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April 2, 2007, Alert No. 1,559.
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US and Korea Announce FTA

4/2. The Office of the U.S. Trade Representative (OUSTR) announced in a release that the US and Korea have concluded a free trade agreement (FTA). The OUSTR did not release the text of any FTA.

The OUSTR release states that this FTA "provides high-level standards for protection and enforcement of intellectual property rights, including trademarks, copyrights and patents, consistent with U.S. standards."

The OUSTR release also states that this FTA "will expand market access and investment opportunities in a number of service sectors, including telecommunications and e-commerce."

William Archey, head of the American Electronics Association (AeA) stated in a release that "this FTA will boost high-tech exports by eliminating tariffs on most products, improving access for services, strengthening intellectual property protection, and tackling non-tariff regulatory barriers"

The AeA's Rob Mulligan added that "improved regulatory transparency rules aimed at non-tariff impediments currently facing US companies in Korea should pave the way for improved access to this rapidly growing market for high-tech products".

Sen. Charles Grassley (R-IA), the ranking Republican on the Senate Finance Committee, stated in a release that "I have mixed feelings." He represents a agriculture state.

"On the one hand, the agreement is commercially significant, with almost 95 percent of tariffs on industrial and consumer goods being eliminated within three years. U.S. pork producers and soybean producers stand to benefit a lot, and so do our service providers. We already have a $72 billion trading relationship with the Koreans, and full implementation of this agreement would promote significant growth in our bilateral trade." But, Sen. Grassley continued, "I'm disappointed that rice was excluded from the agreement. ... Even more problematic is the absence of an agreement to remove Korea’s ban on U.S. beef, which is not scientifically justified."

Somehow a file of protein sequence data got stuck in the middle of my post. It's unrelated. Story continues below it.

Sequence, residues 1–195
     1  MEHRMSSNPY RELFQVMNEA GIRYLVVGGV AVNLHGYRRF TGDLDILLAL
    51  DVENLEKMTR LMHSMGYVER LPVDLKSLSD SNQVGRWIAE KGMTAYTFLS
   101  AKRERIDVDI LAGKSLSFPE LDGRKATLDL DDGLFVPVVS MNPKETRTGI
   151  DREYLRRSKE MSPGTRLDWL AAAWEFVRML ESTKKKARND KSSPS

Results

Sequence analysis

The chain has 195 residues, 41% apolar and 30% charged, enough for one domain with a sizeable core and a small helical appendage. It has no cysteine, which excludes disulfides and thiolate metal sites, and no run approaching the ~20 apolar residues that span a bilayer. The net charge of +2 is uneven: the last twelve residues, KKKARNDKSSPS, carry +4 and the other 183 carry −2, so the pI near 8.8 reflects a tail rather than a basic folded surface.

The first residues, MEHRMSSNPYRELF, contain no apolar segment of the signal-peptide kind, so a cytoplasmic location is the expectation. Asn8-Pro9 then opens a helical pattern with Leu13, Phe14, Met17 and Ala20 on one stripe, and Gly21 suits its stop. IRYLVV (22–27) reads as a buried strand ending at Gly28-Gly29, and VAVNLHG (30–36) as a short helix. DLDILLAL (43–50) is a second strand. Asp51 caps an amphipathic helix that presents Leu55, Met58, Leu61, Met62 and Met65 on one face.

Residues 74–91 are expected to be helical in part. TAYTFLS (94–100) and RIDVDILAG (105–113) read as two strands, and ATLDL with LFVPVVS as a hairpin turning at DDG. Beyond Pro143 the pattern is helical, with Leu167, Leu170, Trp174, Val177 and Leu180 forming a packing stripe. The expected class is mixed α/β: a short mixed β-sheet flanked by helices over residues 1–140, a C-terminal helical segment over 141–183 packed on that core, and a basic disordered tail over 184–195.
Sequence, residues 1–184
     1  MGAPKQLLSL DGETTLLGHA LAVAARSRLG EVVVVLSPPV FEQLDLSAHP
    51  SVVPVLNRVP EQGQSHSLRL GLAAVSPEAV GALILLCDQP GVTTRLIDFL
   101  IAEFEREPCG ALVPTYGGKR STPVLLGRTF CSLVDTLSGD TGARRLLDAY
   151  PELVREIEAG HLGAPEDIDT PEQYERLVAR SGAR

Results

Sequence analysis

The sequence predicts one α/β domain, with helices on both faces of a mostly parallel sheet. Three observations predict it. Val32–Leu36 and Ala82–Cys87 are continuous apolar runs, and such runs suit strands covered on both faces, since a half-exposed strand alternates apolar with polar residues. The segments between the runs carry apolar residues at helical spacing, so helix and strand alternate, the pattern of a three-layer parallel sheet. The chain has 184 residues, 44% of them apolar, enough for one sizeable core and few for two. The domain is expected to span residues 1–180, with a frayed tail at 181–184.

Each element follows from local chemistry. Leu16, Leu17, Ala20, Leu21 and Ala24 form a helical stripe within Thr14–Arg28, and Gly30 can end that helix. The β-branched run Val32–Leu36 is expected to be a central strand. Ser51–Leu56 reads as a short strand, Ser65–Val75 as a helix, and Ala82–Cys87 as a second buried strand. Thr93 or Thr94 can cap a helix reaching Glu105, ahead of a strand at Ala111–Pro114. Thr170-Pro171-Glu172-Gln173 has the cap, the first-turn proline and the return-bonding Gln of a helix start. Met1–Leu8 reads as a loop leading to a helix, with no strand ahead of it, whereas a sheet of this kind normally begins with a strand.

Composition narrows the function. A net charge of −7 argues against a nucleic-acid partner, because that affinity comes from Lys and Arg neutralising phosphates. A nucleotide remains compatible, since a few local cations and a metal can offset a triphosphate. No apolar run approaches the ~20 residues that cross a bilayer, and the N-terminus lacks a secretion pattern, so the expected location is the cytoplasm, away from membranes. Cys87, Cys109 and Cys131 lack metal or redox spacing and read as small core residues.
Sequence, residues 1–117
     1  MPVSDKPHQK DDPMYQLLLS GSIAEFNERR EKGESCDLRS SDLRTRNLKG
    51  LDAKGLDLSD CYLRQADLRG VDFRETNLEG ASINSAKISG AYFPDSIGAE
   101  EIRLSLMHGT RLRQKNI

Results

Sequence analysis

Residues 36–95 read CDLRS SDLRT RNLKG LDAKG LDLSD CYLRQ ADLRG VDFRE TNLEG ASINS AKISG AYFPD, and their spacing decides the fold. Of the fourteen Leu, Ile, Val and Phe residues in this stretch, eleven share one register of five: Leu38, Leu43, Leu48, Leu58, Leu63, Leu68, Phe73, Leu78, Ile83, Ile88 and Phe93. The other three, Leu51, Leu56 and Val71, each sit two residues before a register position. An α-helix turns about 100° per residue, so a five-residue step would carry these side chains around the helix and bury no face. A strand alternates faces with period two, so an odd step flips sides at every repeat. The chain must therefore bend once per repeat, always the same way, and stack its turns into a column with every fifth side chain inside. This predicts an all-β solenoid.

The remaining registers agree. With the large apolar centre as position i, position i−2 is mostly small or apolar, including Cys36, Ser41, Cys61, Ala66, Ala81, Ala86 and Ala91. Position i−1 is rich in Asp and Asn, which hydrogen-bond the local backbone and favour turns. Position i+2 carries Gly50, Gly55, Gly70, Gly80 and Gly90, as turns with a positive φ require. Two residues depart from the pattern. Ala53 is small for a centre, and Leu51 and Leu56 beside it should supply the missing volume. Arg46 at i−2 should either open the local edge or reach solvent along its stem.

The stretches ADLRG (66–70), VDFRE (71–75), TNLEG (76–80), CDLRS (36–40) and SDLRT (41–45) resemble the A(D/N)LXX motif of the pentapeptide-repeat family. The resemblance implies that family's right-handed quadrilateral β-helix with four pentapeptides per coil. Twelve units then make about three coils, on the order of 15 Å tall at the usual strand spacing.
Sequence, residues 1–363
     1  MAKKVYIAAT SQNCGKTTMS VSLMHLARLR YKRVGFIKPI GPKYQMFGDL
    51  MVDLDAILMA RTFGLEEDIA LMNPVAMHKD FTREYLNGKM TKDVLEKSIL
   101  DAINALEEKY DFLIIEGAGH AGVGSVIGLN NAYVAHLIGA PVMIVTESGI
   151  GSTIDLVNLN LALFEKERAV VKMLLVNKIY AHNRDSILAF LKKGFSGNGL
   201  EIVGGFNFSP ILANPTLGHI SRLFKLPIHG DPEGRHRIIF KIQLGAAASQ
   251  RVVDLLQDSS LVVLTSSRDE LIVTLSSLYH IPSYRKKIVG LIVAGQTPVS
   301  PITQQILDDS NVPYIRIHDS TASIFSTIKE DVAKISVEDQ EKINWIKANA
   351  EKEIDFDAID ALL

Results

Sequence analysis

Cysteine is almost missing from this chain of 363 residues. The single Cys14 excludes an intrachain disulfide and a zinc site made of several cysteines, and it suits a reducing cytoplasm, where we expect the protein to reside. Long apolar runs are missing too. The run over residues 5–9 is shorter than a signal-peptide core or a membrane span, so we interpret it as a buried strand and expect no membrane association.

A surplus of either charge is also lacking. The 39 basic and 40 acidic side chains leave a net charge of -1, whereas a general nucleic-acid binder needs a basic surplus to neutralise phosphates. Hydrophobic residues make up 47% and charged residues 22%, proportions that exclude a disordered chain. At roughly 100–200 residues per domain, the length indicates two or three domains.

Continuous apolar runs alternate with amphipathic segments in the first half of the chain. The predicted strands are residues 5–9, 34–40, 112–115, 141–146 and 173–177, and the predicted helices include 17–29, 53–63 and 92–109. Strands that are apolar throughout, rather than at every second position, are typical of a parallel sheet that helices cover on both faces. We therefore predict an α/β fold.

OUSTR Releases Trade Report

4/2. The Office of the U.S. Trade Representative (OUSTR) released its report  [2.6 MB PDF file] titled "2007 National Trade Estimate Report" (NTE). It contains a country by country survey of significant foreign barriers to U.S. exports.

See, OUSTR release summarizing the report, Forward [5 pages in PDF], and OUSTR page with hyperlinks each section of the report.

The survey includes within the definition of export barriers the "Lack of intellectual property protection (e.g., inadequate patent, copyright, and trademark regimes)" and "Trade restrictions affecting electronic commerce (e.g., tariff and nontariff measures, burdensome and discriminatory regulations and standards, and discriminatory taxation)". (Parentheses in original.)

It also includes "Services barriers (e.g., limits on the range of financial services offered by foreign financial institutions, regulation of international data flows, and restrictions on the use of foreign data processing)" and "Investment barriers (e.g., limitations on foreign equity participation and on access to foreign government-funded research and development (R&D) programs, local content and export performance requirements, and restrictions on transferring earnings and capital)". (Parentheses in original.)

Canada. The section [9 pages in PDF] on Canada, which is the largest market for U.S. exports, addresses several intellectual property rights issues in Canada.

For example, it sates that Canada is a signatory of the WIPO Copyright Treaty and the WIPO Performances and Phonograms Treaty, but that it has failed to ratify either treaty.

The report also discusses the weak border measures and intellectual property rights (IPR) enforcement in Canada.

Next, it states that "Unauthorized camcording in Canadian movie theaters is an increasing source of international DVD piracy. Although camcording with intent to distribute is considered a crime in Canada, the act of camcording in a theater is not a criminal offense."